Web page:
The channel catfish is a strong and tasty game fish that is becoming more and more popular with anglers. It is commonly found in large rivers and will eat just about anything that comes in front of its nose.
Common Names: spotted cat, blue channel cat, river catfish
Channel catfish closely resemble blue catfish. Both have deeply forked tails. However, channels have a rounded anal fin with 24-29 rays and scattered black spots along their back and sides. They have a small, narrow head. The back is blue-gray with light blue to silvery-gray sides and a white belly. Larger channels lose the black spots and also take on a blue-black coloration on the back which shades to white on the belly. Males also become very dark during spawning season and develop a thickened pad on their head.
Feeds primarily at night using taste buds in the sensitive barbels and throughout the skin to locate prey. Although they normally feed on the bottom, channels also will feed at the surface and at mid-depth. Major foods are aquatic insects, crayfish, mollusks, crustaceans and fishes. Small channels consume invertebrates, but larger ones may eat fish. Contrary to popular belief, carrion is not their normal food.
Spawning occurs mostly in rivers and streams in the spring and early summer when waters warm to 70 to 85 degrees. They also will spawn in larger lakes where suitable habitat is available. Eggs are deposited in nests secluded under banks or logs or over open bottom. The male selects the site, often a natural cavern or hole, clears the nest and guards the eggs and young. A female may lay 2,000 to 21,000 eggs that hatch in six to 10 days depending on water temperature. Males protect the fry until they leave the nest in about a week.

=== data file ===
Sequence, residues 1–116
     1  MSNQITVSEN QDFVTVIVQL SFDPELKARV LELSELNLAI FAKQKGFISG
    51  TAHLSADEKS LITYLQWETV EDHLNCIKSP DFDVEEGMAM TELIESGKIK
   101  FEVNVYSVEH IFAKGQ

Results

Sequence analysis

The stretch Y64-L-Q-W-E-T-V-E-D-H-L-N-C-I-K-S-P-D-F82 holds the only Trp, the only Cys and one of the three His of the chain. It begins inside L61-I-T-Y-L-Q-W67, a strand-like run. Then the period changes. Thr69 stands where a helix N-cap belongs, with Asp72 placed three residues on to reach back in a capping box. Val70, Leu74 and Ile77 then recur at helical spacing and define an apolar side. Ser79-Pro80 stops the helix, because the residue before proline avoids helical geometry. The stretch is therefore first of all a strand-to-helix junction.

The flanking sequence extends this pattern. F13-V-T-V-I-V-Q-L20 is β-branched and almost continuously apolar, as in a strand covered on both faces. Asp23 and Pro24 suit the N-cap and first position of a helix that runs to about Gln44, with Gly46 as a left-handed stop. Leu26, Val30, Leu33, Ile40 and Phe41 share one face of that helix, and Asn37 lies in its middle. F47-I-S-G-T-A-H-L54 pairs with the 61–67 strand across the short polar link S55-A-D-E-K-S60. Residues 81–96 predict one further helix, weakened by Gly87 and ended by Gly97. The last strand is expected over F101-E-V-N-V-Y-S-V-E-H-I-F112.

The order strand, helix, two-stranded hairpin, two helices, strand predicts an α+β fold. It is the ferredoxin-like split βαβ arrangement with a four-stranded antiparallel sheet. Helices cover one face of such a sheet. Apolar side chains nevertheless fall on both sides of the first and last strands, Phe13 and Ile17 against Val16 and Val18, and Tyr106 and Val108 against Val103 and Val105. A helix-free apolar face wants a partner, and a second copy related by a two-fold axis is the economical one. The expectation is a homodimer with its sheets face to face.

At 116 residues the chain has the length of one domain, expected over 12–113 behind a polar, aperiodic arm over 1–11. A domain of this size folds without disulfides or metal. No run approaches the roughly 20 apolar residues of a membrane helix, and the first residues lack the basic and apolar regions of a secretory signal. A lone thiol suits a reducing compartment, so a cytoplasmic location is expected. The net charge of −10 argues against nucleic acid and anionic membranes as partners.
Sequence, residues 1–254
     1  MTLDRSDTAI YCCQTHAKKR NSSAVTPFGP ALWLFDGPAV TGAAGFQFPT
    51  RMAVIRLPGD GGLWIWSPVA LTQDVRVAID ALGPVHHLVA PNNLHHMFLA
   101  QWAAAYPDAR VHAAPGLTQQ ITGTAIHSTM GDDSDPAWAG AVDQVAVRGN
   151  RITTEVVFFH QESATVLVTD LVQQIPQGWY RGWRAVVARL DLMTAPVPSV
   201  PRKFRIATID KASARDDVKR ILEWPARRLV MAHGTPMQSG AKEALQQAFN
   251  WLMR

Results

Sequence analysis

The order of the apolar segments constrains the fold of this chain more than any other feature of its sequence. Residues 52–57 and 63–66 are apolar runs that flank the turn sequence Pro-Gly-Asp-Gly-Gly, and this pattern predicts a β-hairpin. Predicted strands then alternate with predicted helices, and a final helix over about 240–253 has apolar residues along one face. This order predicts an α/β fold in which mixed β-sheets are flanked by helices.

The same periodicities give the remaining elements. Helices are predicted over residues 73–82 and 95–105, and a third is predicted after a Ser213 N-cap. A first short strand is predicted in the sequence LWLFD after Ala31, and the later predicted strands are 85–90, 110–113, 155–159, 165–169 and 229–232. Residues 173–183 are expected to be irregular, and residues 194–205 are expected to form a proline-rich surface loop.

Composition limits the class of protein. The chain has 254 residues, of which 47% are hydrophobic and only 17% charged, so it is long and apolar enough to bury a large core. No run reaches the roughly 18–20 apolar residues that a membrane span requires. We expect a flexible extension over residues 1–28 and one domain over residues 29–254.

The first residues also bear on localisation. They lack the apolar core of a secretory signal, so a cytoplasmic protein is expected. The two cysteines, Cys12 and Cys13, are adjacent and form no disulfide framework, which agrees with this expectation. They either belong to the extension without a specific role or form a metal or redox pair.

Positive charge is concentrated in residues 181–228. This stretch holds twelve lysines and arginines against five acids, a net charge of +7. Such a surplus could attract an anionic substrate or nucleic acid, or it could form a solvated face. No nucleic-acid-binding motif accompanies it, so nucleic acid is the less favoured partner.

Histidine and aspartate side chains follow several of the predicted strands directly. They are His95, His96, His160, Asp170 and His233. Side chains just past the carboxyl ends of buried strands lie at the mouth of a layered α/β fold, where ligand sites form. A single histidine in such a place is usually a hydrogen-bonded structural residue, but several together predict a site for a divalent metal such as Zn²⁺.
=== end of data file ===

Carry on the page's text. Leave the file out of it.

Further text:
Habitat: Most common in big rivers and streams. Prefers some current, and deep water with sand, gravel or rubble bottoms. Channel catfish also inhabit lakes, reservoirs and ponds. They adapt well in standing water where stocked.
Most channels are caught by bottom fishing with baits such as dried chicken blood, chicken livers or gizzards, and nightcrawlers. They prefer dead or prepared stinkbaits to live bait, but at times will take live minnows and lures such as spinners and jigs. Strong fighters with good endurance, they are frequently caught on trotlines. Since channel catfish can also be taken by commercial fishermen, except where stocked by the Commission, they are not legally classified as sportfish. However, specific regulations apply and they are eligible for the "Big Catch" program.
Channel catfish feed mostly at night and are especially active from sunset to midnight. "Stink" baits (cut fish, chicken livers, cheese, shrimp, crayfish blood baits, etc.) are some of the best natural baits to use. Deep-diving crankbaits fished slowly along the bottom, spoons and, occasionally, spinners are popular artificial lures. The best months to fish for channel catfish are April, May, September and October.
Considered one of the best-eating freshwater fish. The meat is white, tender and sweet when taken from clean water. Florida aquaculturists and commercial anglers provide these fish to markets and seafood restaurants throughout the state
Catfish can't "sting" you. But these fish have a sharp spine in the top and side fins. If you're not careful, you can accidentally poke your hand on these spines. The world record, 58 pounds, was taken in South Carolina.